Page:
December 23, 2006

"Even Judy Garland's most iconic on-screen ballad performances seem small compared with..."

The critics go nuts for Jennifer Hudson in "Dreamgirls."

And let me just say that I was writing about her by name the morning after her first appearance on "American Idol" in February '04. Here's another early post. And this:
I've been a big Jennifer Hudson fan since her first appearance on an audition show--February 3rd. (The topic is American Idol, people.) She was by far the best performer last night, as everyone seemed to agree, so here's my theory about her insane dress, that hot pink rhumba thing that a friend supposedly made for her. I say supposedly because when asked his name, she could only come up with a first name, and even that sounded like she just made it up ("George"). Anyone could see that was a ridiculous dress, so why did she wear it? Her bad clothes have been a topic of merriment on previous shows, so what I'm thinking is, the producers knew she would get through, probably by the vote of the people but if not, as one of the judge's selections. Four people are going through, and there is no question that one of them will be her. With that in mind, the producers had an entirely absurd dress made and convinced her to wear it for the sheer comedy of it all. She would agree to do it for any of a number of reasons: 1. She wants to be agreeable, 2. She has a sense of humor, 3. She likes to wear comic clothing, and (this is the real one) 4. She knew, and they told her, that by calling as much attention to her ridiculous clothes as possible, she was setting the stage for the future occasion when she would redo her image and suddenly look fabulous and receive lavish praise for her brilliant transformation.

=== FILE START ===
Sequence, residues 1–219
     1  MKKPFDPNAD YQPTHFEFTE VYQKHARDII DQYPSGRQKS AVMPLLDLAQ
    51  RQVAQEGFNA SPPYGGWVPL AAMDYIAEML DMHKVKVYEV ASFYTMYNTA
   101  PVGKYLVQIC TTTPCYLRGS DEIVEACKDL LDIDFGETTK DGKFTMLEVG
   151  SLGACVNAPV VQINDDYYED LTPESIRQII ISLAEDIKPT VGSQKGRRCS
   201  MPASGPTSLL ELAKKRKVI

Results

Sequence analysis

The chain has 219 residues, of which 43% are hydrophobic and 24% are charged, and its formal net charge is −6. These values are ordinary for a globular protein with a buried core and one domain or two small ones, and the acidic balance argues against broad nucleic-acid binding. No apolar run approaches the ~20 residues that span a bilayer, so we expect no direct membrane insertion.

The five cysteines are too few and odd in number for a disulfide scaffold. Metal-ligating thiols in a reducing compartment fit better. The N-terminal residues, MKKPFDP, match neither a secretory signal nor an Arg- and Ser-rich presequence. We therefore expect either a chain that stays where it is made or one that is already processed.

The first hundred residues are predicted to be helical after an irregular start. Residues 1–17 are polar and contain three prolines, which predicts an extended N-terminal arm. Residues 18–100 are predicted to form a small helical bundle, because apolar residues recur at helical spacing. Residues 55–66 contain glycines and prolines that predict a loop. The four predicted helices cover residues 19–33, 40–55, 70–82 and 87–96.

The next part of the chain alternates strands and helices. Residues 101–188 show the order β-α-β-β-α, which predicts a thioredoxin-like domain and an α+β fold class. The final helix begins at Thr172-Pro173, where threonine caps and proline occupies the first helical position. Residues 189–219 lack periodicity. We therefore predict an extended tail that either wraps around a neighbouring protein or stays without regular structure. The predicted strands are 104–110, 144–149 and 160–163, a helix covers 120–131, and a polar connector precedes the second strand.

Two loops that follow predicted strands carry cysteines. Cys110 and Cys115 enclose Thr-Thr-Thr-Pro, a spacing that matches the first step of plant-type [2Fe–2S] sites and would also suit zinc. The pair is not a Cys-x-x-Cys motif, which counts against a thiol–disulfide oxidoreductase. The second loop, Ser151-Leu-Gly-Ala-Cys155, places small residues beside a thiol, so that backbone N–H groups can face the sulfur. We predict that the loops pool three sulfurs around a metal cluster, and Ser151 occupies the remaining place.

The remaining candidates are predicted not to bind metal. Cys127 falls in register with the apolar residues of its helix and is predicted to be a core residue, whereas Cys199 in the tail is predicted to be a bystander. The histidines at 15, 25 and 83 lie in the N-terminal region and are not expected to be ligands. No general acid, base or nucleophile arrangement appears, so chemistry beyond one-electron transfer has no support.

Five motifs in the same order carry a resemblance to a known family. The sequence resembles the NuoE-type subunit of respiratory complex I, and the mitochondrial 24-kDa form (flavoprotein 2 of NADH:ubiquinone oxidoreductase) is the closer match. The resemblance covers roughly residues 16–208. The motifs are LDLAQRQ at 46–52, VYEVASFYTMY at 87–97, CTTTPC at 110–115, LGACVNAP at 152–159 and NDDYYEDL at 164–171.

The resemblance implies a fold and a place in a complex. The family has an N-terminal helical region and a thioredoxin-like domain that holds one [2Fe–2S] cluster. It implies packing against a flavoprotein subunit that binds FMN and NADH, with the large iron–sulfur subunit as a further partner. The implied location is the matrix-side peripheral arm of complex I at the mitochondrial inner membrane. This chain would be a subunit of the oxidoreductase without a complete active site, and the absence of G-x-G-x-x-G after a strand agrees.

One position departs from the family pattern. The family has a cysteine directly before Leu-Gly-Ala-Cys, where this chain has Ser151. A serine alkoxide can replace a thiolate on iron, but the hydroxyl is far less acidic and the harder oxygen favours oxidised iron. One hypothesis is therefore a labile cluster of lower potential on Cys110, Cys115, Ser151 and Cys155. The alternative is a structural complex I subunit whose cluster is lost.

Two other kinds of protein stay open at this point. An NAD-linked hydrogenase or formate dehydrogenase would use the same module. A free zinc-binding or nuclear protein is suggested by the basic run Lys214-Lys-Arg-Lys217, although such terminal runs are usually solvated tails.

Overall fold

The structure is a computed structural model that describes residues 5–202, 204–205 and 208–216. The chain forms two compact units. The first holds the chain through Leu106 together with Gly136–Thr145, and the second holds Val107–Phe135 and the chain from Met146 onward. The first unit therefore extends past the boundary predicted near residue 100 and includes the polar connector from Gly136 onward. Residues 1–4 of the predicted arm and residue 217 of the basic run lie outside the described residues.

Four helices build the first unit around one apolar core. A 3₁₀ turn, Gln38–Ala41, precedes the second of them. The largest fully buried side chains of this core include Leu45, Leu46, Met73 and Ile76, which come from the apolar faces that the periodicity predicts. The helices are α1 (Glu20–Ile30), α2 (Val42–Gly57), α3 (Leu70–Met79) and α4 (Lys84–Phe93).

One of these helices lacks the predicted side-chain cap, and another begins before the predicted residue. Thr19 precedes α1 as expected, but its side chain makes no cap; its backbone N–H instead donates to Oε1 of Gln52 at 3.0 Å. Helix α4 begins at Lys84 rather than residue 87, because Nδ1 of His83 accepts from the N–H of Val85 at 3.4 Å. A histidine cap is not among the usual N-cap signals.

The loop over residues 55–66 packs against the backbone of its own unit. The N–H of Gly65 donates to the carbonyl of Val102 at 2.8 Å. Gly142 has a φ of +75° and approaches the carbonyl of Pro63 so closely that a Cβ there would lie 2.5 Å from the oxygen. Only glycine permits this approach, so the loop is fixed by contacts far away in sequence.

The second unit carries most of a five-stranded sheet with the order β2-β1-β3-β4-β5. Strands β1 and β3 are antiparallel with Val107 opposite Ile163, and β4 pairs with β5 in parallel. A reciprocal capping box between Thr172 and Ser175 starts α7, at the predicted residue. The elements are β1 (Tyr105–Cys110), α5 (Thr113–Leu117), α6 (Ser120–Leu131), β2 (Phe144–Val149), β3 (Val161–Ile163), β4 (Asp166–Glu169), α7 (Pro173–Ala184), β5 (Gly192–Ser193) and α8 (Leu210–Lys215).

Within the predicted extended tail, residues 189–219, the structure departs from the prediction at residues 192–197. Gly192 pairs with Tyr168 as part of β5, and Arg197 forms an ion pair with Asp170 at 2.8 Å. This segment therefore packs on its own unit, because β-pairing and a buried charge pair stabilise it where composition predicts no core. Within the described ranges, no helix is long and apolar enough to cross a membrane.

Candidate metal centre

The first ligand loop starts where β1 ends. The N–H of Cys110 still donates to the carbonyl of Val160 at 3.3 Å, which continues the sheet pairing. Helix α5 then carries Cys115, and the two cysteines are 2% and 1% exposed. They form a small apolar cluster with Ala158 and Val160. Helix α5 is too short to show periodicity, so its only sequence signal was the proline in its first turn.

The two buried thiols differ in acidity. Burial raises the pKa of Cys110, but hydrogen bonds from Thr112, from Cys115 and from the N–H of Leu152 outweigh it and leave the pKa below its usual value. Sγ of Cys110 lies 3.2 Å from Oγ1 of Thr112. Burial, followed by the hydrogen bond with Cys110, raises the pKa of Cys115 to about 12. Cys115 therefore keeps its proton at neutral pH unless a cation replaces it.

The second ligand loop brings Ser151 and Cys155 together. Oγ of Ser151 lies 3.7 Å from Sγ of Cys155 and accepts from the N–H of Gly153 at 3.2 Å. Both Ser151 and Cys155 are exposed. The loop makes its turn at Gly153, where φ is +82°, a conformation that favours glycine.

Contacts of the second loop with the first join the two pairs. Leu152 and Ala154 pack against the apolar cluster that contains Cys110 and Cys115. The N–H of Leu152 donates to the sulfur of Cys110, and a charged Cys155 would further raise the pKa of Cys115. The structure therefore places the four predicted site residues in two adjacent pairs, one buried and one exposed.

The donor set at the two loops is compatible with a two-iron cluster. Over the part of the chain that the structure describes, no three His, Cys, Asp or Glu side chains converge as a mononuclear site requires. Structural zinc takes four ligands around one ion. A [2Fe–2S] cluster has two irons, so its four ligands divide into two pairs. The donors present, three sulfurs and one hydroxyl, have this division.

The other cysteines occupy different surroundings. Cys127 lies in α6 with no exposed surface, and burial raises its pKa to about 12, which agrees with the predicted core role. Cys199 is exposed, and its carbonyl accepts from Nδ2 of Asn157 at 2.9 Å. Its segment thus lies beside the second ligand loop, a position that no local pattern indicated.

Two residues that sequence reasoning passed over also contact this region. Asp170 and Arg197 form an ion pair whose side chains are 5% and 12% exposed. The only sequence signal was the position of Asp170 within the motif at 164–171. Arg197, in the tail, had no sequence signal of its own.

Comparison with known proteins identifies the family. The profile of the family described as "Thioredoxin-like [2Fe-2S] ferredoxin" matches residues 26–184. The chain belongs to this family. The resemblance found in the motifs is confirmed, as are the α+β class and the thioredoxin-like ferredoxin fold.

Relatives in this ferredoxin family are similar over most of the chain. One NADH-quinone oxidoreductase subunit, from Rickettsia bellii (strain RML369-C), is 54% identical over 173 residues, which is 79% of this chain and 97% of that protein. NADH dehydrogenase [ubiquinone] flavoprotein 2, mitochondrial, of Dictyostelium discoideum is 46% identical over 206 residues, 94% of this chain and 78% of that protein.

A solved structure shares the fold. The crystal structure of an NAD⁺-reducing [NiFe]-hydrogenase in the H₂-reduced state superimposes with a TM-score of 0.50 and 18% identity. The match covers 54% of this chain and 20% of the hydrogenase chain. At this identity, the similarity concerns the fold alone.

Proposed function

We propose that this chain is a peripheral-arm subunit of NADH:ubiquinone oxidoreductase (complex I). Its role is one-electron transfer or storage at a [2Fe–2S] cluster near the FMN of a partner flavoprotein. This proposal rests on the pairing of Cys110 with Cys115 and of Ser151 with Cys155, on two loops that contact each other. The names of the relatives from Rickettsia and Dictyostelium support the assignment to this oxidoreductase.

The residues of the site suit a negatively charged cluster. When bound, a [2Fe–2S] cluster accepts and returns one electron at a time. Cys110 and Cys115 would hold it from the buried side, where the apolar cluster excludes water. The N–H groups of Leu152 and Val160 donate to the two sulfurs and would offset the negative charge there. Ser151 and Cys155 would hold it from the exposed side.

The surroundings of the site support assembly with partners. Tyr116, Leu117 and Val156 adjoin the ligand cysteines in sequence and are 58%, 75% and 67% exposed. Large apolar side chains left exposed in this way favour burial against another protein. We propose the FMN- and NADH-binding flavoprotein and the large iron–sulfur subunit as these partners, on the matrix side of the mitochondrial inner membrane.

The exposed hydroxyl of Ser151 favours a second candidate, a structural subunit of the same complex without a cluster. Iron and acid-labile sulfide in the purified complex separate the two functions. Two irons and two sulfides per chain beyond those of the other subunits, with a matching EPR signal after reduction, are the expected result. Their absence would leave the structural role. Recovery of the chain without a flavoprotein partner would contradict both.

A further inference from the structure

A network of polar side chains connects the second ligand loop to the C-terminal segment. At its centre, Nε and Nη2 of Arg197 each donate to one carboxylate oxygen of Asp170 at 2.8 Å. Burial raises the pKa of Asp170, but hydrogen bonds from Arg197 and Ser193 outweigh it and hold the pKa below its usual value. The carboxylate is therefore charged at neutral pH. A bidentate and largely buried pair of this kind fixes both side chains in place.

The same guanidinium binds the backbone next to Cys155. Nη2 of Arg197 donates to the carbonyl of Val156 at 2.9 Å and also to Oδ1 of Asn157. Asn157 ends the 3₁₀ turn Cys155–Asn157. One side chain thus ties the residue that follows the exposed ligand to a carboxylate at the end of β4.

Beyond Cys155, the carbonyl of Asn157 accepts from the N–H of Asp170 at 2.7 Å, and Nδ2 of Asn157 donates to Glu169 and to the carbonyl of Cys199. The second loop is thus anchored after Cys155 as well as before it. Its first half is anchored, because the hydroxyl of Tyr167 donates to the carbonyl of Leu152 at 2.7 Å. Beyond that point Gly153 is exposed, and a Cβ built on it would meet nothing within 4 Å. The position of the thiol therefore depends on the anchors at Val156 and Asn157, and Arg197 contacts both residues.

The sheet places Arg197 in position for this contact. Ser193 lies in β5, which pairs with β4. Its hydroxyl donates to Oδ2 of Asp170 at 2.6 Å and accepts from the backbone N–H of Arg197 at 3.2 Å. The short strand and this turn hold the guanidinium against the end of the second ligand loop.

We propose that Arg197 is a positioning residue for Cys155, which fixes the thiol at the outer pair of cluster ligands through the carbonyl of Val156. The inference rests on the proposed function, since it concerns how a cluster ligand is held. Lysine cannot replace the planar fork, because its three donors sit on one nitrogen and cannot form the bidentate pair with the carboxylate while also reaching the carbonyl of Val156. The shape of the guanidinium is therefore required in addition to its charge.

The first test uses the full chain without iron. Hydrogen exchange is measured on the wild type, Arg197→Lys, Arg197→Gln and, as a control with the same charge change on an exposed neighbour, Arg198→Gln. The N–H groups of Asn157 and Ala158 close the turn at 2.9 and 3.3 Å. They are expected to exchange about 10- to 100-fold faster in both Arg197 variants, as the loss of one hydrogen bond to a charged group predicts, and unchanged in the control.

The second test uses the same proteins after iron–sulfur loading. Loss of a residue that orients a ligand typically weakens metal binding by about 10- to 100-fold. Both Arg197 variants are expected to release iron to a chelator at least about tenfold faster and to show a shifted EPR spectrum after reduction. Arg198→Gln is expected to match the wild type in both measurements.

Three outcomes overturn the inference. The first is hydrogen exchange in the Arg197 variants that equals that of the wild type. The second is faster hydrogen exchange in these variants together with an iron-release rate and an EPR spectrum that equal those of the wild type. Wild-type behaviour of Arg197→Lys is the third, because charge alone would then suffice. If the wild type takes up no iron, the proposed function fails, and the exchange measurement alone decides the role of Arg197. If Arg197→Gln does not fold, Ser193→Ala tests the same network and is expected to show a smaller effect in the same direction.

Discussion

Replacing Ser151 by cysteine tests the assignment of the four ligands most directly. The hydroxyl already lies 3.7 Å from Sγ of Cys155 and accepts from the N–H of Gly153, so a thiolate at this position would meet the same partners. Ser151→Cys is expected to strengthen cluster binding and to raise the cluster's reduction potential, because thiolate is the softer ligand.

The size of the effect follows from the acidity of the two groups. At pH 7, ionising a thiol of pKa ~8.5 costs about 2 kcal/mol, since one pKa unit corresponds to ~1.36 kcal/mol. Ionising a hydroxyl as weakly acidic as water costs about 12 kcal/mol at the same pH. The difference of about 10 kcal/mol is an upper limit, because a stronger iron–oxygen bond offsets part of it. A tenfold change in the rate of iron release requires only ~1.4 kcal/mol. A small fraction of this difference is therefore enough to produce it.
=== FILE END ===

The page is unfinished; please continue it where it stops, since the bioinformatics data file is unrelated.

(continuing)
And here's my reaction to her getting voted off the show:
American Idol: The Outrage. What the hell happened? That was the worst thing ever on American Idol. See my post from this morning for how I read the show last night: I thought Jennifer was the best. I thought the three Divas would be the final three. They were the bottom three! How could that happen? Jennifer was my original favorite, from the first audition. I can only think that the strong praise for the Divas caused people to think they didn't need help, and people speed dialed for two hours for favorites they believed were in danger. I must say they really revealed the results dramatically, telling George to join the safe group, causing him to walk over to the Divas (forming a group that was my predicted final four: George and the Divas), then telling him he'd joined the wrong group. Oh, the outrage!
Anyway... are you excited about seeing "Dreamgirls"? About the new season of "American Idol," which must be coming up soon? Do you picture your humble (diva) blogger going out to see "Dreamgirls" on Christmas? Do you picture me watching and blogging "American Idol" again this year?


Meade said...